• The Promise of Implantable Drug Delivery Systems

    By Annie Stuart, Contributing Writer

    This article is from March 2010 and may contain outdated material.

    Humans are clumsy, forgetful, imprecise and undependable. High-tech drug pellets are not. And that is why the delivery of medications through tiny, sustained-release devices may be the future of ophthalmology.

    Enormous sums of research and money go into the approval and marketing of ophthalmic drugs, but the sad fact is that many of these medications don’t reliably reach your patients’ eyeballs. Therapeutic levels, minimum inhibitory concentrations, pharmacokinetics, the blood-brain barrier and patient adherence are just some of the obtacles associated with the traditional topical and systemic administrations of medicine. Even intravitreal injections, long favored for posterior segment disease, fall short. Molecules injected into the vitreous have a brief intraocular half-life, said Uday B. Kompella, PhD, professor of pharmaceutical sciences at the University of Colorado in Denver. “If it’s a small molecule, most of it will disappear within a few hours. If it’s a large molecule, most of it will disappear within a few days.”

    Enter the implant. Medication implant technology can achieve longer-lasting, highly localized drug delivery with more accurate concentrations and fewer side effects than any other avenue of administration. Implants have already proven themselves in inflammatory diseases. In fact, a wide array of chronic illnesses stand to gain from implant delivery, which is fortunate, given the aging population of most societies and the scores of age-related ills that will present themselves to ophthalmologists.

    Following is a bird’s-eye view of what is currently available in ocular medication implants and what is winding its way through the research pipeline.

    Reservoir Implants

    Although reservoir implants require surgical placement or replacement, simplicity, longevity and steady-state pharmacokinetics are their big benefits. “The primary lesson learned over the decade is to keep things simple,” said Paul Ashton, PhD, president and CEO of pSivida Corporation in Watertown, Mass. “In the beginning, there’s always a tendency to overcomplicate things from an engineering perspective.” Dr. Ashton helped develop some of the reservoir implants now on the market or under study, including Vitrasert, Retisert and Iluvien.

    Vitrasert. Approved in early 1996 for the treatment of AIDS-related cytomegalovirus retinitis, this implantable form of ganciclovir was a trailblazer in the field, said Baruch D. Kuppermann, MD, PhD, professor of ophthalmology and chief of the retina service at the University of California, Irvine. With Vitrasert, he said, “There were limited ocular complications and the efficacy far exceeded the standard of care, which was the same drug, ganciclovir, administered intravenously. The implant was completely nontoxic to the eye and worked beautifully,” said Dr. Kuppermann.

    Surgically implanted through a 5.5-mm pars plana incision, Vitrasert lasts five to eight months. At the time of Vitrasert’s introduction, Dr. Kupperman said, the typical patient with AIDS-associated CMV retinitis had an expected lifespan of eight to 12 months. “So it was an implant that was well suited for controlling the disease within the context of the patient’s expected survival.”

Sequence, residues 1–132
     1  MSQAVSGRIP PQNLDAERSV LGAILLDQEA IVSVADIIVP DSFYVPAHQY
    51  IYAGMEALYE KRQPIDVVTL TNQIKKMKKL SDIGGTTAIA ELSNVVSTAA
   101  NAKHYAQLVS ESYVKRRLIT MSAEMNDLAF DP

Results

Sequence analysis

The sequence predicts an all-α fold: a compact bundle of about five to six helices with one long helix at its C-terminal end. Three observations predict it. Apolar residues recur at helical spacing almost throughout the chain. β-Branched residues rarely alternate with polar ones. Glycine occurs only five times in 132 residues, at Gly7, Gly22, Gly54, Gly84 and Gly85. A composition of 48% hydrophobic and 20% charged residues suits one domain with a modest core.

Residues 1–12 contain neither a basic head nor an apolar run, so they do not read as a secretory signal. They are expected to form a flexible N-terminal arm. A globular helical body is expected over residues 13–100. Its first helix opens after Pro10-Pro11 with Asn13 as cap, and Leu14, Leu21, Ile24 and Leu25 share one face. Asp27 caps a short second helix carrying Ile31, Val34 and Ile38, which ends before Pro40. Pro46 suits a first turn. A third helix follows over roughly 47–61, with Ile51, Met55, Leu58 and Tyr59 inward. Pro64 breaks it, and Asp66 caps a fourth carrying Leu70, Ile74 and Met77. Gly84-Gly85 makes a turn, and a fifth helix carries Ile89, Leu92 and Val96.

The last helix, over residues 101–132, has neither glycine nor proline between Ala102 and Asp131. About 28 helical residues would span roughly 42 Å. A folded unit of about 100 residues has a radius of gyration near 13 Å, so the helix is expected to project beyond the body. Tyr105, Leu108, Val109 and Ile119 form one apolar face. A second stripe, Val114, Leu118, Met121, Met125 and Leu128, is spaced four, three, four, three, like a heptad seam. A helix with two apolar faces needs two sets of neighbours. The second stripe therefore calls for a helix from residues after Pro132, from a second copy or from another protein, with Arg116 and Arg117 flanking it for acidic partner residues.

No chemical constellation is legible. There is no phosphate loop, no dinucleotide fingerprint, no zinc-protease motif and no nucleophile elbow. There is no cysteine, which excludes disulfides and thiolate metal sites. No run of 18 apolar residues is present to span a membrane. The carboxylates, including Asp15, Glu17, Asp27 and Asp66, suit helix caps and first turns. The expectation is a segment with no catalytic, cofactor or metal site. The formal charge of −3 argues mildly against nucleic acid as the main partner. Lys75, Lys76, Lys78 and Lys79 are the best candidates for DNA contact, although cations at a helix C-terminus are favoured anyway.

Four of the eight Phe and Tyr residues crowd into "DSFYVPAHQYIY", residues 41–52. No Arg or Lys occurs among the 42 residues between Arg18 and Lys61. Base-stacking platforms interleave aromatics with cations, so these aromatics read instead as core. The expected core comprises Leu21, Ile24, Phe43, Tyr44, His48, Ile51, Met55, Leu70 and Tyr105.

With the advent of more potent combination therapies for HIV infection, however, opportunistic infections were more easily controlled or prevented, and so the need for Vitrasert waned, said James P. Dunn Jr., MD, associate professor of ophthalmology at Johns Hopkins University and director of ocular immunology at the Wilmer Eye Institute. At one time, Dr. Dunn implanted Vitrasert 15 or 20 times annually, but currently he does so only once or twice a year.

    Retisert. The next generation of implant, Retisert, achieved even better targeted delivery and duration. Sutured to the sclera after surgical implantation through a 3.5-mm pars plana incision, Retisert releases fluocinolone acetonide and lasts about 30 months. But that duration comes with a downside: ocular side effects. Although FDA-approved in 2005 for noninfectious uveitis after achieving dramatically reduced recurrence of uveitis, the toxicities were considered too much for patients with diabetic macular edema. “Studies suggest that the risk of cataract is upward of 90 percent with Retisert,” said Dr. Dunn, adding that steroid-induced glaucoma is another significant concern. “The risk of glaucoma is about 50 percent with a Retisert implant, and about a third of those patients end up needing surgery because the glaucoma can’t be controlled with medication alone.”

    A large, five-year study of Retisert, the Multicenter Uveitis Steroid Treatment trial, will likely shed some needed light on the effectiveness of Retisert compared with conventional oral corticosteroids in the management of severe cases of uveitis. “Is the Retisert more effective, less effective or comparable to the systemic therapy?” asked Dr. Dunn. “That was a major question three years ago. It’s still a major question today.”